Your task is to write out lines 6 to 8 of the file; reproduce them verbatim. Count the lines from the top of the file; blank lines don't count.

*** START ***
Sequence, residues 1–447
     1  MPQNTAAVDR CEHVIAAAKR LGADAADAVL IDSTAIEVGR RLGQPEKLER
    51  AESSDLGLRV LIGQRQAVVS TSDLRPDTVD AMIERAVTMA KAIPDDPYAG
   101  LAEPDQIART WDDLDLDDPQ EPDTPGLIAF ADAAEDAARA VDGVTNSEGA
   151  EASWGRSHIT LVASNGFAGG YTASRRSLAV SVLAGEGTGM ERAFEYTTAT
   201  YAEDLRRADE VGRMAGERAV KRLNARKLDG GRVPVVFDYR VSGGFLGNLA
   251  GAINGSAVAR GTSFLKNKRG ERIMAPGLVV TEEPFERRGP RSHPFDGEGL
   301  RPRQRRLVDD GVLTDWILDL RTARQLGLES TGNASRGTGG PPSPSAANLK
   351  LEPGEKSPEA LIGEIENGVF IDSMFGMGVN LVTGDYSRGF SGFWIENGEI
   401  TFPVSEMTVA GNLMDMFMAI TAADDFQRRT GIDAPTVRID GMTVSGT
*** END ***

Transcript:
   201  YAEDLRRADE VGRMAGERAV KRLNARKLDG GRVPVVFDYR VSGGFLGNLA
   251  GAINGSAVAR GTSFLKNKRG ERIMAPGLVV TEEPFERRGP RSHPFDGEGL
   301  RPRQRRLVDD GVLTDWILDL RTARQLGLES TGNASRGTGG PPSPSAANLK